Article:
I respond to Jonathan Chimakonam’s paper in which he presents an approach to dialogue in philosophical space, and raises questions about my own approach. I raise four questions to his understanding of conversation. First, I ask him for more details on his conception of conversation. Second, what happens if not everyone cares to enter into conversation? Third, is conversation a prerequisite to philosophy, or a part of philosophy? And fourth, how does wonder fit into conversation in and about place?
I hope to persuade Charles Fried to think again about his developing views on distributive justice. Since I live at a certain remove from Cambridge, the best I can offer is a hypothetical dialogue with an imaginary person whose views seem, to me at least, of a Friedian inspiration. My central question deals with the way Fried establishes his rights to things he candidly concedes he does not deserve. To present my problems, I shall begin with a simpler case than (...) those – involving kidneys and talents – that Fried makes central to his discussion. Rather than starting with these rather special goods, I find it clarifying to focus first on more garden variety commodities – which, to emphasize their character, I shall call apples. (shrink)
John Stuart Mill's connection with the Irish question spanned more than four decades and embraced a variety of elements. Of his writings on Ireland, the best known are his forty-three Morning Chronicle articles of 1846–47 composed in response to the Famine, the section of the Principles of Political Economy that treats the issue of cottier tenancy and the problem of Irish land, and, most conspicuous of all, his radical pamphlet England and Ireland, published in 1868. All of these writings take (...) the land question as their paramount concern. The fairly absorbing interest in the subject disclosed by Mill during the second half of the 1840s arose from the fortuitous conjuncture of the disaster unfolding in Ireland and his engagement with the principles of political economy. Between 1848 and 1871 Mill's Principles went through seven editions and the substantive revisions he made in the section on Ireland from one edition to the next illumine both the essence and the accidentals of his bearing towards that country. Mill's cogent and controversial advocacy of fixity of tenure in England and Ireland constituted the heart of his answer to the Fenian challenge. The land question aside, Mill was drawn into the battle over the Irish university system in the 1860s largely through his friendship with John Elliot Cairnes, professor of jurisprudence and political economy at the Queen's College Galway. On this subject, however, Mill wrote almost nothing for publication. The longest single piece he ever drafted on Ireland was his first, an essay that predated the Morning Chronicle articles by two decades. In his own bibliography this essay is referred to as ‘An article on the Catholic Question which appeared in the Parliamentary Review for 1825’. Although the essay of 1825 could justly have borne the same title as the pamphlet of 1868, the particulars of course differ markedly. Ireland never ceased to pose a question during the course of the nineteenth century, but the dynamics shaping that question changed much between the mid-1820s and the late 1860s. Even so, the 1825 essay prefigures something of Mill's later involvement with the Irish question, and also invites examination as a quite remarkable piece of political journalism from the pen of a young man not yet twenty, who would subsequently establish himself as the most influential thinker of his generation. (shrink)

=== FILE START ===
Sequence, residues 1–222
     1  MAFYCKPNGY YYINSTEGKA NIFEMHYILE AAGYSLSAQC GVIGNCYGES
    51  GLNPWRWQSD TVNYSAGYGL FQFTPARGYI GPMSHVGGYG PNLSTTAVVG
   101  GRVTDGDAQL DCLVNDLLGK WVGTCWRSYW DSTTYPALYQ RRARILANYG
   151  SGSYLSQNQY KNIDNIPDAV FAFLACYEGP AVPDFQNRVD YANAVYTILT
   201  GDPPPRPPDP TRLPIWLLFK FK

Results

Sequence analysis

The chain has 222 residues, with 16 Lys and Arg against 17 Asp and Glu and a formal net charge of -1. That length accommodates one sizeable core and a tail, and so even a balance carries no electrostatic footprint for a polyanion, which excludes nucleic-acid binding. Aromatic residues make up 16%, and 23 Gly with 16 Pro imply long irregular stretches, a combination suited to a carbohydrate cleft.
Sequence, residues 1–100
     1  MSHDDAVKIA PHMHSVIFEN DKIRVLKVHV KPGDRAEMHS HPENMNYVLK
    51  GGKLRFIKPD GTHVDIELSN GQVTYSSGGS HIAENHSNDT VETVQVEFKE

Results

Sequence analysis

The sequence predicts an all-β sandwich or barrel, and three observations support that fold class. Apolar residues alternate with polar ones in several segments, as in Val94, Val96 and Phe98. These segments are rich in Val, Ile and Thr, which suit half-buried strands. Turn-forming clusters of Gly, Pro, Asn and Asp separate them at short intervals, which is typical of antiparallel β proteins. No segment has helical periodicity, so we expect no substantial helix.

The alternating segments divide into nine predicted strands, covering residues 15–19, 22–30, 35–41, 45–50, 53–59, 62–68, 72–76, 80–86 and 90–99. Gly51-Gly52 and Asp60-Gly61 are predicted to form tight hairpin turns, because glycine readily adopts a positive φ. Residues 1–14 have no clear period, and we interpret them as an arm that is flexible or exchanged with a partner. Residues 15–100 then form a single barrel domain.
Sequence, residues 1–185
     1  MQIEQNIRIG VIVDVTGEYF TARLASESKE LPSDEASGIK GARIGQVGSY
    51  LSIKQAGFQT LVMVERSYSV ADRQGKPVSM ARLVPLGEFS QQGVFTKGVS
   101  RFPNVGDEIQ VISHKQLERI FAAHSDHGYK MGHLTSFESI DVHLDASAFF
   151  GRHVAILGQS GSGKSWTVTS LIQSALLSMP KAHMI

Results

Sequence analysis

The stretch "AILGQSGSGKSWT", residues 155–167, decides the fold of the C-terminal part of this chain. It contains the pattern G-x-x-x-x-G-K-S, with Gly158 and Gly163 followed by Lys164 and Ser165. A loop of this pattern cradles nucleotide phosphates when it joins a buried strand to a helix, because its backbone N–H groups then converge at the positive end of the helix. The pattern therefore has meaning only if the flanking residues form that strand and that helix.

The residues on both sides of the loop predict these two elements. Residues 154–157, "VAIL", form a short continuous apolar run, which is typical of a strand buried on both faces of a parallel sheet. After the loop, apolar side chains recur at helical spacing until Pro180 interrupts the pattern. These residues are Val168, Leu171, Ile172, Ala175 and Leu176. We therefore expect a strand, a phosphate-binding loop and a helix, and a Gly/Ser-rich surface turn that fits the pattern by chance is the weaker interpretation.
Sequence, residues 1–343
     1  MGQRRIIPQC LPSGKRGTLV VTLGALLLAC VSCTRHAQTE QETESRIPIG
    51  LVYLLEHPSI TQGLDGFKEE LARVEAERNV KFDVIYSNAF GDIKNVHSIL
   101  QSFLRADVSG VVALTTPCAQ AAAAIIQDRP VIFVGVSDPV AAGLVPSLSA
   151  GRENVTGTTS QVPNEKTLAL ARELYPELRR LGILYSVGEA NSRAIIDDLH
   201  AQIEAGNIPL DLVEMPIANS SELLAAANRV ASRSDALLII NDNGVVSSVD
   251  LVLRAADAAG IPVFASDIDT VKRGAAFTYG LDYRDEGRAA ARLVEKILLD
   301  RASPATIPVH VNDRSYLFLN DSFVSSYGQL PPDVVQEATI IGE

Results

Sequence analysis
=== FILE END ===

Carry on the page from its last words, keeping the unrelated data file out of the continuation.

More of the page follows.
In a recent article in Religious Studies, Professor P. W. Gooch attempts to wean the orthodox Christian from anthropological materialism by consideration of the question of the nature of the post-mortem person in the resurrection. He argues that the view that the resurrected person is a psychophysical organism who is in some physical sense the same as the ante-mortem person is inconsistent with the Pauline view of the resurrected body; rather, according to him, Paul's view is most consistent with that (...) which affirms the disembodied survival of the person. ‘I want to argue’, he writes, ‘for the thesis that a Pauline resurrection body may well be ontologically the same as a disembodied person.’ I intend to show that Professor Gooch has failed to provide any support for this view and indeed that his own view falls prey to the criticisms which he has raised against other views. (shrink)